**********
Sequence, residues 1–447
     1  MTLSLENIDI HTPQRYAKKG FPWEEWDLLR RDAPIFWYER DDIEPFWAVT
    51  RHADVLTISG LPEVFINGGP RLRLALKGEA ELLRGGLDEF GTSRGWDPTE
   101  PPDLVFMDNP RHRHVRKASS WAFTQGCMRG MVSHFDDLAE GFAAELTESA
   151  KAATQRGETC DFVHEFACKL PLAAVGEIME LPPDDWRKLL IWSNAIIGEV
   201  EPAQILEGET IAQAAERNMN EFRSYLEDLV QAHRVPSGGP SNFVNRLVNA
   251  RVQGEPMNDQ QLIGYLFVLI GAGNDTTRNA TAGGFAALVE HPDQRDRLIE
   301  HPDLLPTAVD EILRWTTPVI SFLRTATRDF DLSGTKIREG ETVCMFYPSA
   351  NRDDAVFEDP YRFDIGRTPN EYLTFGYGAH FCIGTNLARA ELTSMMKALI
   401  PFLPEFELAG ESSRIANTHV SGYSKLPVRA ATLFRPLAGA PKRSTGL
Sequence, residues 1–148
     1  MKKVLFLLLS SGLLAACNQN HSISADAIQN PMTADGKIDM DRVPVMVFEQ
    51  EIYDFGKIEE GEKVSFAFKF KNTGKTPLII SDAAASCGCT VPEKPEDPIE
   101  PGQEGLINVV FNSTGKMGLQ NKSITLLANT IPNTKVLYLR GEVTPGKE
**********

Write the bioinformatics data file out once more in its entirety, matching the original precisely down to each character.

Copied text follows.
Sequence, residues 1–447
     1  MTLSLENIDI HTPQRYAKKG FPWEEWDLLR RDAPIFWYER DDIEPFWAVT
    51  RHADVLTISG LPEVFINGGP RLRLALKGEA ELLRGGLDEF GTSRGWDPTE
   101  PPDLVFMDNP RHRHVRKASS WAFTQGCMRG MVSHFDDLAE GFAAELTESA
   151  KAATQRGETC DFVHEFACKL PLAAVGEIME LPPDDWRKLL IWSNAIIGEV
   201  EPAQILEGET IAQAAERNMN EFRSYLEDLV QAHRVPSGGP SNFVNRLVNA
   251  RVQGEPMNDQ QLIGYLFVLI GAGNDTTRNA TAGGFAALVE HPDQRDRLIE
   301  HPDLLPTAVD EILRWTTPVI SFLRTATRDF DLSGTKIREG ETVCMFYPSA
   351  NRDDAVFEDP YRFDIGRTPN EYLTFGYGAH FCIGTNLARA ELTSMMKALI
   401  PFLPEFELAG ESSRIANTHV SGYSKLPVRA ATLFRPLAGA PKRSTGL
Sequence, residues 1–148
     1  MKKVLFLLLS SGLLAACNQN HSISADAIQN PMTADGKIDM DRVPVMVFEQ
    51  EIYDFGKIEE GEKVSFAFKF KNTGKTPLII SDAAASCGCT VPEKPEDPIE
   101  PGQEGLINVV FNSTGKMGLQ NKSITLLANT IPNTKVLYLR GEVTPGKE